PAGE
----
Advocates Hail Supreme Court Ruling on Special Education Rights
Special education advocacy groups are cheering a ruling from the U.S. Supreme Court that a special education student's individualized education program must be "reasonably calculated to enable a child to make progress appropriate in light of the child's circumstances," in the language of the opinion.
The decision in Endrew F. v Douglas County School Board, is seen as strengthening the Individuals With Disabilities Education Act. But the ruling, written by Chief Justice John Roberts, does not address the central question of whether the student at the center of the case was provided an IEP that enabled him to make appropriate progress. The unanimous decision from the high court means the case will go back to a lower court for further argument.
That didn't stop advocates from praising the decision.
"The court recognizes that every child should have the chance to meet challenging objectives and advance from grade to grade," said a statement from Michael K. Yudin, who served assistant secretary for the office of special education and rehabilitative services at the U.S. Department of Education during the Obama administration.
The Council for Parent Attorneys and Advocates said "we expect this unanimous decision ... to be transformative in the lives of the students and families for whom the law is intended to benefit."
Sen. Patty Murray of Washington, the top Democrat on the Senate education committee, said the ruling "sends a critically needed message: Every child deserves the opportunity to reach their full potential and receive a high-quality public education. With this ruling, the court has rightly reaffirmed Congress' intent in [the Individuals With Disabilities Education Act] to hold schools accountable for providing students with disabilities meaningful educational benefit from the instruction and services they receive."
The standard is not a bright line that tells districts what to do. Future disagreements could center around the definition of appropriate progress, said Perry A. Zirkel, a professor of education and law at Lehigh University in Bethlehem, Pa.
"Most practitioners want the law to spell things out, so they can go back to their job and know where they're at," Zirkel said—like a speed limit on a highway. In this case, he said, "the speed limit is, 'Drive appropriately in the individual circumstance in which you're traveling.'"
Melissa Wischerath, an Oregon attorney who represents parents, said that the ruling does have the potential to be a game-changer for her clients. She spent part of Wednesday requesting extra time to refile briefs in various cases to take into account the Supreme Court ruling.
Many of her clients' children were faced with IEPs that barely changed from year to year, she said, and the floor for progress was very low. "I think what we're going to see now is a more-tailored approach" from schools, she said.
The case is based on a lawsuit from filed by parents in Colorado. They had placed their child, Endrew, in private school, arguing that the IEP developed by the district was inadequate for him to make any educational progress. (I wrote a full backgrounder on the Endrew F. case in January, before the Supreme Court held oral arguments.)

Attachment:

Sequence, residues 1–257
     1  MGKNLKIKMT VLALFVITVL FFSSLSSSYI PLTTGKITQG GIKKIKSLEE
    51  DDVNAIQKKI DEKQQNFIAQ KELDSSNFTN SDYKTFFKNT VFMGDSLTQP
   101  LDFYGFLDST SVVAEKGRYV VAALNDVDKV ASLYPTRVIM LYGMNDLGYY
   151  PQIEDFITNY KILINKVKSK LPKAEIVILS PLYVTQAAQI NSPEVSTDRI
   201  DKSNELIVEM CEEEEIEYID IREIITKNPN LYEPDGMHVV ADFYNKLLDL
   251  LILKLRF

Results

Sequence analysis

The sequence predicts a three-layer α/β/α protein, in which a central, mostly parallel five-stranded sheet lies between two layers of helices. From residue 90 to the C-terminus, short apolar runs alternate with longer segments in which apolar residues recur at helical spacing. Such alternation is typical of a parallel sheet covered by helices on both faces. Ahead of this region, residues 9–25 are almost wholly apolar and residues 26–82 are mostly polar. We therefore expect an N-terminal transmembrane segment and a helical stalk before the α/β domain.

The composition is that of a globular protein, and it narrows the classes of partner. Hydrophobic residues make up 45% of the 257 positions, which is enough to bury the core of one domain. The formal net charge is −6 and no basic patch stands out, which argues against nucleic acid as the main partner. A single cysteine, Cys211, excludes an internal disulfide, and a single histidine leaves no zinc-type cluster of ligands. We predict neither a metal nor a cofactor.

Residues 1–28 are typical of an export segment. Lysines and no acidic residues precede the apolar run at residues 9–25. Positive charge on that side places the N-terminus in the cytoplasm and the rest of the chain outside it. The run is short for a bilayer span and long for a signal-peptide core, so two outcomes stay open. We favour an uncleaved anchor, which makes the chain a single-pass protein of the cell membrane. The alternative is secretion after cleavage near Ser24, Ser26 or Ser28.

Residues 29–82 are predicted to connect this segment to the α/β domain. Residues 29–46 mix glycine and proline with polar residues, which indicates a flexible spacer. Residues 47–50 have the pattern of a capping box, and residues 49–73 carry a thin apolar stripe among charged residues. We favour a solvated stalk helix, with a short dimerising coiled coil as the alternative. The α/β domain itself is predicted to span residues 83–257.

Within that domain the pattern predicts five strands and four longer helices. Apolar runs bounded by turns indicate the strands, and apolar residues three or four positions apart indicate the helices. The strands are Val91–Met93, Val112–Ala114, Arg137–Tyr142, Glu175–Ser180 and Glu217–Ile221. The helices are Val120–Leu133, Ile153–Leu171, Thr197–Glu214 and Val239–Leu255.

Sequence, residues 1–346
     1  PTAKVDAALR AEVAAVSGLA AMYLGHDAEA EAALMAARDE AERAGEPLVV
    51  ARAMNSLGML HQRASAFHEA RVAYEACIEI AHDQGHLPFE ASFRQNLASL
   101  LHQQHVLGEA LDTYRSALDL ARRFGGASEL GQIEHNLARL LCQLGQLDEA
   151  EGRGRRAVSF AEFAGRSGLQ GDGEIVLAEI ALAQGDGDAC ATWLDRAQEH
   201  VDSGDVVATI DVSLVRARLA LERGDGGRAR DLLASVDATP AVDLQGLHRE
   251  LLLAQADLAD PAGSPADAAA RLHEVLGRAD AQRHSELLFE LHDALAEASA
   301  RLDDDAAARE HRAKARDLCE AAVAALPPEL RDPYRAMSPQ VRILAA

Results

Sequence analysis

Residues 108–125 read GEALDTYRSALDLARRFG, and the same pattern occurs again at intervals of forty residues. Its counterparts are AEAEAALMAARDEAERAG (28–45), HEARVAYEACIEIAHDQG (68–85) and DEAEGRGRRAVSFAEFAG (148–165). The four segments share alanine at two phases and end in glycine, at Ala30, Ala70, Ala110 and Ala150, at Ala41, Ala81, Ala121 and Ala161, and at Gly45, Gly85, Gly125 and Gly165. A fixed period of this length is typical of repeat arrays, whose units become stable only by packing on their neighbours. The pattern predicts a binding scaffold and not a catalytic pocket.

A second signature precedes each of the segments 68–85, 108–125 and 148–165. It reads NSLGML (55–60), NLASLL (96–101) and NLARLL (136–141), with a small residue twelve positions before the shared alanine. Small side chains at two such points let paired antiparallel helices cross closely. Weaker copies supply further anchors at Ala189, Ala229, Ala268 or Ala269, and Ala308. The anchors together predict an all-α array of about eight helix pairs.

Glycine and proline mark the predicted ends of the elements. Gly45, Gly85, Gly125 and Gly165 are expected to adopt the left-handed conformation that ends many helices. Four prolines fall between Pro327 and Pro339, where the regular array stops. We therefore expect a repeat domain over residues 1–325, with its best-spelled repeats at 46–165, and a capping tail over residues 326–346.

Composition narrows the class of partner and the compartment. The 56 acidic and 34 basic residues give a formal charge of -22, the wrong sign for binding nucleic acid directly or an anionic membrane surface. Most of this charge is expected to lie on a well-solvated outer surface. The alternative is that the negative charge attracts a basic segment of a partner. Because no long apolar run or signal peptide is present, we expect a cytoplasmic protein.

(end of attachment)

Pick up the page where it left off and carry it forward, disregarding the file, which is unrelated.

The school district prevailed before an administrative law judge, federal district court and the court of appeals.
"In [Douglas County School District,] we are ever dedicated to the education of all of our 67,000 students. We respect the decision of the Supreme Court justices and we are confident that the work we do for our students already meets this higher standard," said district attorney William Trachman in a statement.
"Notably, the court did not hold that Douglas County School District failed to meet the new standard, or say that DCSD can't proceed to prove that it met that standard in the Endrew F. matter. Indeed, in this case, the Douglas County School District offered an appropriate [IEP] and we look forward to proving to the lower courts that the IEP meets the new, higher standard," Trachman's statement said.
Case Connected to Supreme Court Nominee Gorsuch
To render its decision in the Endrew case, the 10th Circuit relied on an earlier decision that it had made in the case Thompson R2 School District v. Luke P. That 2008 decision, written by Supreme Court nominee Neil Gorsuch, was a ruling against Luke P.'s parents. Advocacy organizations have taken aim at Gorsuch, saying he is holding students with disabilities to a low educational standard.
The Endrew ruling came up during Gorsuch's confirmation hearing, in its third day on Wednesday; my colleague Mark Walsh has covered some of the questions from senators and Gorsuch's responses.
In one exchange with Sen. Ted Cruz, the Texas Republican noted that the Luke P. decision relied on a yet-earlier case that had been decided by the 10th Circuit in 1996.
"My colleagues have repeatedly demanded that Judge Gorsuch follow precedent," said Cruz. "This is another example of Judge Gorsuch doing exactly that‐following precedent."
He asked the nominee whether he would be bound to follow a Supreme Court decision that upset an appeals court precedent.
"Yes, senator." Gorsuch said. "That's how it works."
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